What is MIL Status

The MIL status is also known as MIL Readiness and it’s an important factor to passing your emissions test. If your OBDII ECU does not show MIL Readiness or there are at least one condition that is not flagged ready, you won’t pass your smog check. If your OBDII vehicle does not have the MIL status set you will need to complete 2 cycles or two Good Trip conditions to allow your MIL Self Erasure.

Previously in our OBDII FAQ series, we discussed what the Trip Doctor was and how it affects your OBDII freeze frame status. Today we’ll be discussing what conditions set your MIL Readiness so that you can pass your emissions test. Your OBDII statuses are configured and set by what’s known as the Task Manager. This controller is responsible for setting your MIL light as well as checking the test failures.

How do I check my MIL Status?

The Task Manager Screen shows both a Requested MIL state and an Actual MIL state. When the MIL is illuminated upon completion of a test for a third trip, the Requested MIL state changes to OFF. However, the MIL remains illuminated until the next key cycle. (On some vehicles, the MIL will actually turn OFF during the third key cycle) During the key cycle for the third good trip, the Requested MIL state is OFF, while the Actual MILL state is ON. After the next key cycle, the MIL is not illuminated and both MIL states read OFF.

Checking your MIL Status is easy when you have an approved OBDII scan tool. You can rent these at your local auto parts store or purchase one online.


How do my Diagnostic Trouble codes affect my MIL Status?

With an OBDII car there are different DTC faults that have different priorities according to regulations. As a result, the priorities determine MIL illumination and DTC erasure. DTCs are entered according to individual priority. DTCs with a higher priority overwrite lower priority DTCs. Because a stored Diagnostic Trouble code can prevent your MIL status from showing ready, you will need to correct these trouble codes before moving on.

After you are done clearing your OBDII check engine light you will need to complete two Good trip conditions to allow for DTC Self Erasure. What is Self Erasure? With one trip components or systems, the MIL is illuminated upon test failure and DTCs are stored. Two trip monitors are components requiring failure in two consecutive trips for MIL illumination. Upon failure of the first test, the Task Manager enters a maturing code. If the component fails the test for a second time the code matures and a DTC is set.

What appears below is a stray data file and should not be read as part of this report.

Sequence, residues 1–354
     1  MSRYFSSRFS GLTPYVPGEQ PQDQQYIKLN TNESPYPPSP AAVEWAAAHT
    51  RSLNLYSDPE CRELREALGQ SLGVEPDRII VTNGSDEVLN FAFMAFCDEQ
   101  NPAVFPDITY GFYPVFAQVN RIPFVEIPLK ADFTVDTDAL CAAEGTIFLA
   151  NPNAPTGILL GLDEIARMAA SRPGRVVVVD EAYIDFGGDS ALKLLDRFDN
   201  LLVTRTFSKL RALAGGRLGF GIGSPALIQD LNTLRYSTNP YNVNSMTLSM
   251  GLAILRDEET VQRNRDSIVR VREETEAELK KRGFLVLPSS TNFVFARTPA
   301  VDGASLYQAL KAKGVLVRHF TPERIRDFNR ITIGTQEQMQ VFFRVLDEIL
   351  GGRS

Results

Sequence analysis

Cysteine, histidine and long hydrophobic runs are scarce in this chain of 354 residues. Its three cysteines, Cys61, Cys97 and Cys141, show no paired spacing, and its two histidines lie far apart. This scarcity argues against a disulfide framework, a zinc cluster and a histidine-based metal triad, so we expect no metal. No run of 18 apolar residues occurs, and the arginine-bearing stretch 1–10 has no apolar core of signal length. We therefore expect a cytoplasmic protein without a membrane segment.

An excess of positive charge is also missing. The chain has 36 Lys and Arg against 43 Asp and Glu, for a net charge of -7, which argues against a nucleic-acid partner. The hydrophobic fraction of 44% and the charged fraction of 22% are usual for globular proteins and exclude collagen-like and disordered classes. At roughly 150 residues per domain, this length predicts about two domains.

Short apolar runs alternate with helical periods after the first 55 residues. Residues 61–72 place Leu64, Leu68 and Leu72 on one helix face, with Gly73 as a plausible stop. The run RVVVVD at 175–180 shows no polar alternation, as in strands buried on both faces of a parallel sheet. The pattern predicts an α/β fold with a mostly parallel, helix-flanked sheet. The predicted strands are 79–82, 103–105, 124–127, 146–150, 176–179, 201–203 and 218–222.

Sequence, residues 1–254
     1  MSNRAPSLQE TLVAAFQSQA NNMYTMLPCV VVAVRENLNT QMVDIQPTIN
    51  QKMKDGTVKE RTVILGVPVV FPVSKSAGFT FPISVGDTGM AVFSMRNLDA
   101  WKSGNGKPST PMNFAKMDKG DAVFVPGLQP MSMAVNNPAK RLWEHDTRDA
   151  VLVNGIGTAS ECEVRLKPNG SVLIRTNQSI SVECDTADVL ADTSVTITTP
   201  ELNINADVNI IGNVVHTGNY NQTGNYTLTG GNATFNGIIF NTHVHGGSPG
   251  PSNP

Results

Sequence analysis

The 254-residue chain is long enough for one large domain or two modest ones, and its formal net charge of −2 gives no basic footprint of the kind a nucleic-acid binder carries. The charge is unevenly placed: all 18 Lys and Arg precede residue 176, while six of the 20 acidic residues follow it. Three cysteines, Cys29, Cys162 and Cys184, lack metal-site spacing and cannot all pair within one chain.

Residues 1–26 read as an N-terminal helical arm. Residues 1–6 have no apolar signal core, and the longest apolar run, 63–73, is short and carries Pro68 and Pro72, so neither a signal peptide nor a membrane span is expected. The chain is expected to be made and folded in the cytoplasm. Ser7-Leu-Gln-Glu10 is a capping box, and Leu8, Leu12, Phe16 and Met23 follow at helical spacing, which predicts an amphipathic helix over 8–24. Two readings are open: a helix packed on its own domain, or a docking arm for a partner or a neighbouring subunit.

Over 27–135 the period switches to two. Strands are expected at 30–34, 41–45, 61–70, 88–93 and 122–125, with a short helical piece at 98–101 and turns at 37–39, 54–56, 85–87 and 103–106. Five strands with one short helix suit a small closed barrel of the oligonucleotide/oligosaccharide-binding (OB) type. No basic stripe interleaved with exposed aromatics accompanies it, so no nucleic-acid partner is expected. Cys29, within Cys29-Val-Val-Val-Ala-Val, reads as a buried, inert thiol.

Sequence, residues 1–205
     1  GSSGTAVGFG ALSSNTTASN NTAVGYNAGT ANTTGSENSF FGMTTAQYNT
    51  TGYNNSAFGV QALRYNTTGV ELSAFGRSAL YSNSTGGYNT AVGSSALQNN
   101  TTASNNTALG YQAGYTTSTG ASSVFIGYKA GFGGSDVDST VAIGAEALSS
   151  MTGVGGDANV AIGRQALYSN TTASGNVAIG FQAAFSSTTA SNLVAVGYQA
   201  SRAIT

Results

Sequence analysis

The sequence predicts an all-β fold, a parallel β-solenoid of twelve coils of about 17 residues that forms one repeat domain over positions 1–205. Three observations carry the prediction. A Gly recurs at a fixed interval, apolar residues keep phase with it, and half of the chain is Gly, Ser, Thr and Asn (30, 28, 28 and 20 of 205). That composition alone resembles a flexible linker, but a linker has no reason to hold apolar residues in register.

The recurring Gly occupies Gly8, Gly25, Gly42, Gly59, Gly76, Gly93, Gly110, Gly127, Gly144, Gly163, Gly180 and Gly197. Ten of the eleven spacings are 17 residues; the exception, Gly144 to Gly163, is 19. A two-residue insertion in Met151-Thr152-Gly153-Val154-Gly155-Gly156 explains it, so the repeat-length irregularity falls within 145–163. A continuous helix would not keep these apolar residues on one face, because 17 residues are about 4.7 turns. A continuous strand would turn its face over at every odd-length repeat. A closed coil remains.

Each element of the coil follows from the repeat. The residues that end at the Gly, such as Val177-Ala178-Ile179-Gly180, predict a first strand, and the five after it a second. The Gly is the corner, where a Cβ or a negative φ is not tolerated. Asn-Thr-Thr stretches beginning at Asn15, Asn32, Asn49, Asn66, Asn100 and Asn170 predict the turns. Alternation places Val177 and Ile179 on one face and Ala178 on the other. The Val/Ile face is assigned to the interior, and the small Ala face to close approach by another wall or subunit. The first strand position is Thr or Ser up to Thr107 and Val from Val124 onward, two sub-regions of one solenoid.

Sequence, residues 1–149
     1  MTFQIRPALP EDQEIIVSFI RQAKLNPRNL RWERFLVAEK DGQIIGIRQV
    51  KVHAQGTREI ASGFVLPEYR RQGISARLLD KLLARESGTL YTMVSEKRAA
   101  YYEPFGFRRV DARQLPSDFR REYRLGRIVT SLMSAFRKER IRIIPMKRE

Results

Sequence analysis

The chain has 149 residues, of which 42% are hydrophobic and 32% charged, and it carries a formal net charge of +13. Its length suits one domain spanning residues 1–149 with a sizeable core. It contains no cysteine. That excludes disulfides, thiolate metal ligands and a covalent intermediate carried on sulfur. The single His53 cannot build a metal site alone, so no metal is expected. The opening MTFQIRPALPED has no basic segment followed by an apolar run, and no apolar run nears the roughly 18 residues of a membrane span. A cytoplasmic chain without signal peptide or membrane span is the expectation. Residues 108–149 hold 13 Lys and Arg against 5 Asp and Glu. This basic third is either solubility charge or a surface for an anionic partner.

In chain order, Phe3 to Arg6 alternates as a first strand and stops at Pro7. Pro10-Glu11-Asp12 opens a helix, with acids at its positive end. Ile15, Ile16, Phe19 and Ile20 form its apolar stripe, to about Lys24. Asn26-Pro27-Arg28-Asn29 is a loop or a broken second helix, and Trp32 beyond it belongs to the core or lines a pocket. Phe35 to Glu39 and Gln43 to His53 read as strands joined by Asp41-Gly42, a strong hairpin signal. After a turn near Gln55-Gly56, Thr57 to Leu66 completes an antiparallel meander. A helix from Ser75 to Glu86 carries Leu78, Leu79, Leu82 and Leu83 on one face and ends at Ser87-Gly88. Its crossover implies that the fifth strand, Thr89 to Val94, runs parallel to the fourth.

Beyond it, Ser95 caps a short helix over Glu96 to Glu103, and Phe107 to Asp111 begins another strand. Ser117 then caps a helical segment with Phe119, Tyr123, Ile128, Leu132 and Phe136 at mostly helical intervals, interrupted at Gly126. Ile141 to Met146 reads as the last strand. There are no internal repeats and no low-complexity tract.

After three good trips the MIL is extinguished and the Task Manager automatically switches the trip counter to a warm-up cycle counter. DTCs are automatically erased following 40 warm-up cycles if the component does not fail again. For misfire and fuel system monitors, the component must pass the test under a Similar Conditions Window in order to record a good trip. A Similar Conditions Window is when engine RPM is within 375 RPM and load is within 10% of when the fault occurred.

What you need to know about your MIL Status

It is important to understand that a component does not have to fail under a similar window of operation to mature. It must pass the test under a Similar Conditions Window when it failed to record a Good Trip for DTC erasure for misfire and fuel system monitors.

DTCs can be erased anytime with a DRB III. Erasing the DTC with the DRB III erases all OBD II information. The DRB III automatically displays a warning that erasing the DTC will also erase all OBD II monitor data. This includes all counter information for warm-up cycles, trips and Freeze Frame.

How to complete trip cycles

The Trip cycle is essential for running monitors and extinguishing the MIL. In OBD II terms, a trip is a set of vehicle operating conditions that must be met for a specific monitor to run. All trips begin with a key cycle.

Different styles of Good Trip cycle

  • Global Good Trip
  • Fuel System Good Trip
  • Misfire Good Trip
  • Alternate Good Trip (appears as a Global Good Trip on DRB III Scan Tool

Have any questions about this MIL Status FAQ sheet? leave me a message below and let us know.

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